Also, please find a link to the NCI study below:
http://www.nejm.org/doi/full/10.1056/NEJMoa1102873

If you have any questions at all, need more information or would like an interview with our program director, Dr. Lew Pepper, please be in touch to my contact information below.

Regards,

Jonathan Corbin, MPH
Outreach Coordinator
Worker Health Protection Program
CBNS, Queens College
718-670-4228 (Phone)
718-670-4167 (Fax)
www.worker-health.org

 

Nevada-Senior-Guide Volunteer Opportunities – Rural Nevada

Nevada Rural Counties RSVP Inc.

2621 Northgate Lane, Suite 6

Carson City, NV 89706, 775-687-4680

tcausey@rsvp.carson-city.nv.us

www.nevadaruralrsvp.org

 

Nevada SMP – Senior Medicare Patrol

(702) 486-4341, Please call for information

 

Senior Companion Program of

Northern Nevada

1380 Greg Street, Ste. 212, Sparks, NV  89431

775-358-2322, Mary Brock, Director

Lyon, Churchill, Douglas & Carson County

Nevada-Senior-Guide Medical and Health Services Directory – Northern Nevada Rural

City of Pioche – County Social Services
Information

(775) 728-4477 Lincoln County

www.co.lincoln.nv.us

Provides various essential programs, services,  benefits to assist qualified, needy families,  individuals achieve their highest level of
self-sufficiency, Transportation

Elder Protective Services (EPS)

State of Nevada – Aging & Disability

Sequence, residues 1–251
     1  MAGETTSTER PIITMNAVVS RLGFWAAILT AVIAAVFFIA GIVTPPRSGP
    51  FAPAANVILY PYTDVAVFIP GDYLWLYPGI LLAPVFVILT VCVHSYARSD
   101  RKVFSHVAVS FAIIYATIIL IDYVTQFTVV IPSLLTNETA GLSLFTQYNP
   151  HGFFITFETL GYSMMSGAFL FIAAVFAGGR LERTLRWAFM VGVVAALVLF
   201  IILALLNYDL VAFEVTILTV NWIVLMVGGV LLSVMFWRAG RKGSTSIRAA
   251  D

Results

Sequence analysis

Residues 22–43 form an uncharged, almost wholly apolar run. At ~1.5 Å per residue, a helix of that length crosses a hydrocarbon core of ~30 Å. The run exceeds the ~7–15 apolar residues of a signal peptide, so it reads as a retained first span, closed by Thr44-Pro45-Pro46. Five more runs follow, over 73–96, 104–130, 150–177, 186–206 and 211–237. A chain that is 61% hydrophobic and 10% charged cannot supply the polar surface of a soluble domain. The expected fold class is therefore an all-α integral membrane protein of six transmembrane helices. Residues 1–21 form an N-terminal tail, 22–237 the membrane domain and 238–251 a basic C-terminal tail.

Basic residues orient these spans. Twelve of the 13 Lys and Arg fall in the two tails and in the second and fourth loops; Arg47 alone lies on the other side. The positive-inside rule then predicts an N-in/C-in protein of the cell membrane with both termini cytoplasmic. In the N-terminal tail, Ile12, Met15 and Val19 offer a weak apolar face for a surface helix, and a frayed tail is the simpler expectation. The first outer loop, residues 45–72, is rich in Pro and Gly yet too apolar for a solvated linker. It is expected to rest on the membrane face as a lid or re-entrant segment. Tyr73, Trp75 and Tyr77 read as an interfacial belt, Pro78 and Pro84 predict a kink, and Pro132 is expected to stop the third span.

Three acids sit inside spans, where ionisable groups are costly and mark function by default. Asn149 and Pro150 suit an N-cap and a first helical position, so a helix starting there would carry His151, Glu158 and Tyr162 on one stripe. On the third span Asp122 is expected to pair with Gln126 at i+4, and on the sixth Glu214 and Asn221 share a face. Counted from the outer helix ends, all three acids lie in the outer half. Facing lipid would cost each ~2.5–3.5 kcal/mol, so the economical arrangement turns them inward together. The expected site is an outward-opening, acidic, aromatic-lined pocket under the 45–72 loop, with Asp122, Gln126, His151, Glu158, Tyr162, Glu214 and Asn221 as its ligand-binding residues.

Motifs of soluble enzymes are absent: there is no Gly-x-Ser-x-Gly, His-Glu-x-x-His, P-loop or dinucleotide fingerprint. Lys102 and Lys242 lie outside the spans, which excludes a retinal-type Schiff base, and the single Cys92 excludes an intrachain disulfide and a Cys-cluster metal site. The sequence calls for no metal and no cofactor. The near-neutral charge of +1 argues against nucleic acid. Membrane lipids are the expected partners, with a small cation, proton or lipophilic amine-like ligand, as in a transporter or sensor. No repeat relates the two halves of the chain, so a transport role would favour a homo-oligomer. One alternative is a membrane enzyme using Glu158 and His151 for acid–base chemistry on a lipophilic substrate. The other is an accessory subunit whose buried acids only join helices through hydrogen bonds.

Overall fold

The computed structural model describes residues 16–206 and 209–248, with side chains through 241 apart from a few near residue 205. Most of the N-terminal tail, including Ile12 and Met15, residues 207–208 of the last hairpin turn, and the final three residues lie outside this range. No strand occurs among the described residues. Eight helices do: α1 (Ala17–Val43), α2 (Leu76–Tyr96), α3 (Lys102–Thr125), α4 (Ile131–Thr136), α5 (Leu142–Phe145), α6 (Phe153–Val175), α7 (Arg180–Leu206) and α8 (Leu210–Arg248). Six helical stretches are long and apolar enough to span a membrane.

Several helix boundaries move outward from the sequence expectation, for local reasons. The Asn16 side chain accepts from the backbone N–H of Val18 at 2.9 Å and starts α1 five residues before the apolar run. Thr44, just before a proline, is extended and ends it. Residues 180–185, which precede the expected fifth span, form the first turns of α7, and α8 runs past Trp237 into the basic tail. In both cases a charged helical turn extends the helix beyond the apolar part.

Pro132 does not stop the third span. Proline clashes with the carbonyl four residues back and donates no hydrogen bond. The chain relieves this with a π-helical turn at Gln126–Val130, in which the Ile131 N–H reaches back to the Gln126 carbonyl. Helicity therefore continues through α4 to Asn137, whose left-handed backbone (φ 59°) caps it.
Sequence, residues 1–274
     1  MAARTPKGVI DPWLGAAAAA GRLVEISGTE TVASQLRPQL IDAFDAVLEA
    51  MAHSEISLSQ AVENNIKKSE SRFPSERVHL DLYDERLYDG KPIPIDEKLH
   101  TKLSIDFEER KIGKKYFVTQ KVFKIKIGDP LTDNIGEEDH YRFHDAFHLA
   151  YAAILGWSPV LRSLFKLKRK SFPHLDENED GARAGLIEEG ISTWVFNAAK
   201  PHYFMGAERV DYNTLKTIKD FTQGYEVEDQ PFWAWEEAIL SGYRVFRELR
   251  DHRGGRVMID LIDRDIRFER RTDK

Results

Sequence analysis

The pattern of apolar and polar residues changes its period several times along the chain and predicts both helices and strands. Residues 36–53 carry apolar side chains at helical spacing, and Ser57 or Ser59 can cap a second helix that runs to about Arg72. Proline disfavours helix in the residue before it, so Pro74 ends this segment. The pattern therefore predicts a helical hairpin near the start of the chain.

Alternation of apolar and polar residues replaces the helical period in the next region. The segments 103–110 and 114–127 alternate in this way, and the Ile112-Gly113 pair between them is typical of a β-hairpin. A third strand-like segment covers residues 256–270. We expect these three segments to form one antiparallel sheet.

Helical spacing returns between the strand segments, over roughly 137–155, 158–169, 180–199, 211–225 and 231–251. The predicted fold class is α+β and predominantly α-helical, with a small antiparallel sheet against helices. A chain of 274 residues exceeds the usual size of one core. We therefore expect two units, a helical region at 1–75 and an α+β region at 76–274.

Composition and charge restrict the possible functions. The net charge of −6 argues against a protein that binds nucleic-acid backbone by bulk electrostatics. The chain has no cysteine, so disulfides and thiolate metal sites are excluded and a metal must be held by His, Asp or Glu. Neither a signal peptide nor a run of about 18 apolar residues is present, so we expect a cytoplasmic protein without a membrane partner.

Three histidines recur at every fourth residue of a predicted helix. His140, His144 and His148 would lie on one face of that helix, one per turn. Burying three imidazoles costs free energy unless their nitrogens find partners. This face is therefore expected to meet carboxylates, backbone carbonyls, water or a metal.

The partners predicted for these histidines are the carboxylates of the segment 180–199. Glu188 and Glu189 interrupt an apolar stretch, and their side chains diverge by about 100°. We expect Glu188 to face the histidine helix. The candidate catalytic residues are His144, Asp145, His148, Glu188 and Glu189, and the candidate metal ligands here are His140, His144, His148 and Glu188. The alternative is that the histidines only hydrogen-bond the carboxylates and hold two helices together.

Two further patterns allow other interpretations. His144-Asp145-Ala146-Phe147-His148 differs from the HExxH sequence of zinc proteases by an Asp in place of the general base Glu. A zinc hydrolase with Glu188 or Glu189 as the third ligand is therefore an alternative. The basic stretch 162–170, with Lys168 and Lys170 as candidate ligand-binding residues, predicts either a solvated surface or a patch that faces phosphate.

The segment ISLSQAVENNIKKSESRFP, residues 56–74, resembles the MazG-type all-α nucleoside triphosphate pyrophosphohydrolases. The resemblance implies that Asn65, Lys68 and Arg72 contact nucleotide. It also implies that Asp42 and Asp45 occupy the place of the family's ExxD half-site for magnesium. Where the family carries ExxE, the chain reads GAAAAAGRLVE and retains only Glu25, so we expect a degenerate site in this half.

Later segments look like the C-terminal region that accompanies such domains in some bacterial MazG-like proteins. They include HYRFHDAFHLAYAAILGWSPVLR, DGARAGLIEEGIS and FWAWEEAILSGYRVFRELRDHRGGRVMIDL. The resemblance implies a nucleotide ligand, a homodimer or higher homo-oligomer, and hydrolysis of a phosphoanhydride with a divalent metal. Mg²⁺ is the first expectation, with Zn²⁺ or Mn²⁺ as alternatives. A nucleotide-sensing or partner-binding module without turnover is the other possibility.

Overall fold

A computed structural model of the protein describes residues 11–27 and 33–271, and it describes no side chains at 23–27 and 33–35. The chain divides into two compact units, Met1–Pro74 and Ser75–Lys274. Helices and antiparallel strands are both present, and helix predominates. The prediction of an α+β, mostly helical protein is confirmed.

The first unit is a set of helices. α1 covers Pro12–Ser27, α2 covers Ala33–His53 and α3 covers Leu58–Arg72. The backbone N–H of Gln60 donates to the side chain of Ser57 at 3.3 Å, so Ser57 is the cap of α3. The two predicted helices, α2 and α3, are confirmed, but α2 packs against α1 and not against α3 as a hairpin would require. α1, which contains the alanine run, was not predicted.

Services Agency – Northern Nevada

(775) 688-2964 Washoe County

Elder Protective Services for persons 60 years

old and older who may experience abuse,

neglect, exploitation, or isolation. Elder

Protective Services serves all of Nevada

 

Eureka Senior Center

20 W. Gold Street, Eureka NV 89316

(775) 237-5597
www.co.eureka.nv.us/county/senior.htm

Referral Services for Low Income Energy

Assistance, USDA, and Medicare

Fallon Paiute Shoshone Tribe Senior Center

1885 Agency Rd., Fallon, NV 89406

(775) 423-7569 Churchill County

www.fpst.org/programs/seniorcenter.htm

Offers meals, trips, traditional crafts, and

other cultural events, caregivers, food bank,

national relief charities program

Kids to Seniors Korner – Saint Mary’s

Community Wellness, Community

Based Outreach

(775) 770-6177 Washoe County

www.saintmarysreno.com

Kids to Seniors Korner assists vulnerable                           individuals and families, with special
emphasis on homeless children and seniors,                          by linking and providing them with community               resources through a collaborative community                    partnership to increase quality of life 8am-5pm

Lyon County Human Services

1075 Pyramid St., Silver Springs, NV 89429